Tom Perrotta on How to Keep a Story’s Momentum Going
And the Beauty of a Clear Time Frame
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A long time ago, when I was fresh out of creative writing grad school, I came up with an idea for a novel that I hoped would launch my career: a tight-knit working-class family wins the lottery and proceeds to fall apart. Like many first novels, it was a failure. I have an envelope in a box somewhere with the 40-something rejections Lucky Winners accrued from an impressive variety of publishers, large and small (there were a lot more places to submit to back then).
Some of the rejections were casual and impersonal — This one didn’t grab me; Not what we’re looking for right now, etc. — but others were deeply ambivalent, almost pained, and they all said pretty much the same thing: I loved the first half, but the book wore out its welcome.
The sad thing was, I knew these disappointed editors were right, because their experience mirrored my own. I’d loved working on the opening chapters of the book — the family wins the lottery! — but found myself struggling as I reached the middle — the family falls apart. I could feel the narrative energy leaking away as the characters spun off into their separate orbits. As hard as I tried, I couldn’t figure out a way to counteract the centrifugal force of my premise, which meant that I didn’t know how or where to end the book. It could have just gone on forever, like a wobbly top that won’t fall down.
It takes a while for a first novel to get rejected by 40 different editors. In my case, the process dragged out for well over a year, long enough for me to go through all the stages of writerly grief — rage, humiliation, insomnia, profound self-doubt, a sudden passion for rollerblading — and finally emerge on the other side, wounded but determined, ready to embark on novel number two.
I promised myself I wouldn’t make the same mistake twice. I was determined to write something short and tight, a narrative that gathered energy as it went along, and propelled the reader to an exciting conclusion. I didn’t want anyone — especially me! — to be able to say they’d gotten bored in the middle, or had put the book down and forgotten to pick it back up again.
The novel that emerged from this vow was Election, the story of three teenagers — one of them is Tracy Flick, the character later immortalized by Reese Witherspoon — vying to become President of Winwood High School, and the morally compromised teacher who’s advising them. It turned out to be half the length of Lucky Winners and took me less than a year to write.
Unlike its predecessor, Election came equipped with a built-in time frame, a central narrative question, and a clear endpoint. It started on the day the candidates submit their nominating petitions, and proceeded from there. They choose their campaign teams and strategies, make their speeches, engage in some low-level skullduggery, and so on, all the way to the disputed vote count and the announcement of the winner. Throughout the entire process, I never had to ask myself where I was going or what I should focus on, even though I was juggling four main characters and six narrators. If I felt lost, I just had to ask myself: What happens next with the election?I’ve done my best to situate my novels within a clearly defined time frame.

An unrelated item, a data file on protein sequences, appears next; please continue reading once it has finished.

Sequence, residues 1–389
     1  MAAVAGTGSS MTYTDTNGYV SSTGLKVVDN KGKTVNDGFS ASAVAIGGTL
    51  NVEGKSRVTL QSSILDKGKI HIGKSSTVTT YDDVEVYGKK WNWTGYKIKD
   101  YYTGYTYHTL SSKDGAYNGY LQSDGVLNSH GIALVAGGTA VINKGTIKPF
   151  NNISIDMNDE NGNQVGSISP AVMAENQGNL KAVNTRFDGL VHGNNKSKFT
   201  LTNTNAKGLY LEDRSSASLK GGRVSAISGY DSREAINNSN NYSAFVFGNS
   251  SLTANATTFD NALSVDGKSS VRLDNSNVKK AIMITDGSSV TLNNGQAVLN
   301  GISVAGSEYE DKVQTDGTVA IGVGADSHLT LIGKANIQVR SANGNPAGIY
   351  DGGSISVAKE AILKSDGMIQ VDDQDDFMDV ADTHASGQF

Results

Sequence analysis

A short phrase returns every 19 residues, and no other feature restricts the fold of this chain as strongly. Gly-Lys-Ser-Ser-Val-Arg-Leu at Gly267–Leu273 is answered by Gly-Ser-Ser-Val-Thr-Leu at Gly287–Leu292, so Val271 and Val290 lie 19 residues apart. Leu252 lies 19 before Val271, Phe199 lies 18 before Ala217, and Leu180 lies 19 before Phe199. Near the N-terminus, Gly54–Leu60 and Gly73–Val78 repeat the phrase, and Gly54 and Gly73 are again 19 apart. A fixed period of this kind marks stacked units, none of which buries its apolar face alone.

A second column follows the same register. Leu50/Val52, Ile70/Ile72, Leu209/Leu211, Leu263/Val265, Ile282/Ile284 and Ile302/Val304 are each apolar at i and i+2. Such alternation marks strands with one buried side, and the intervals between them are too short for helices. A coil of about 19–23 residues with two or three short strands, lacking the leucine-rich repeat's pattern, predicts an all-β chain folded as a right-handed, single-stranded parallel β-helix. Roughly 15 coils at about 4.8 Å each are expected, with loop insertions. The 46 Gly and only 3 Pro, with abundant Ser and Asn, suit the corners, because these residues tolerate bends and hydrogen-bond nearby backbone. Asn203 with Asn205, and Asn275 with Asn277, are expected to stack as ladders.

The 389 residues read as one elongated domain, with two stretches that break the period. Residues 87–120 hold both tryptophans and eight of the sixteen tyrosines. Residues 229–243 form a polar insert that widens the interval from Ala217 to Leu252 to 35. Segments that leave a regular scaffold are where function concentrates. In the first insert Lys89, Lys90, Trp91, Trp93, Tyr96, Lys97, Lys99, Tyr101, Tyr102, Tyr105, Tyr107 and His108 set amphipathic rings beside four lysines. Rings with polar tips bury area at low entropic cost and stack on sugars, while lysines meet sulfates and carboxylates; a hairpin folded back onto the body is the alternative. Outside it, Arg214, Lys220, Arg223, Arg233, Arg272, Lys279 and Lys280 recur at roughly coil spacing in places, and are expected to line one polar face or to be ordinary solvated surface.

It was a much more enjoyable writing experience for me — I felt confident and purposeful, no longer beset by doubts and second guesses — and you could sense it on the page. In some ways, the book wasn’t a huge departure — it had a similar comic tone to Lucky Winners, and a familiar focus on the emotional lives ofsmall town suburban characters — but it possessed a few qualities that had been sorely lacking in my previous work: suspense, a fast pace, a clear narrative destination. These things made all the difference.
Despite the pleasure I got from writing it, Election wasn’t an instant success. It spent several years in my desk drawer before finding a home — that’s a story for another day — but at least I learned my lesson. Ever since then, I’ve done my best to situate my novels within a clearly defined time frame. The Wishbones begins with an engagement and ends on the day of the wedding. Little Children takes place during a single summer. The narrative action of The Leftovers roughly follows the nine months of a pregnancy. In my new novel, Tracy Flick Can’t Win — yes, Tracy’s back after all these years, middle-aged now, but still campaigning hard for the top job — the story takes place in the months leading up to a high school Hall of Fame induction ceremony. In all these cases, the endpoint — though not the ending itself — is built into the structure of the novel.
The time frame anchors the narrative and defines the field of play. Anything can happen in that space, and I’m happy to let my characters range freely within its confines, surprising me in any way they can. I don’t mind that kind of uncertainty; at least I know that we’re not lost in the void, drifting through one ofthose endless, exhausting stories that keeps expanding like the universe, losing shape and energy as it grows.
Tracy Flick Can’t Win by Tom Perrotta is available via Scribner.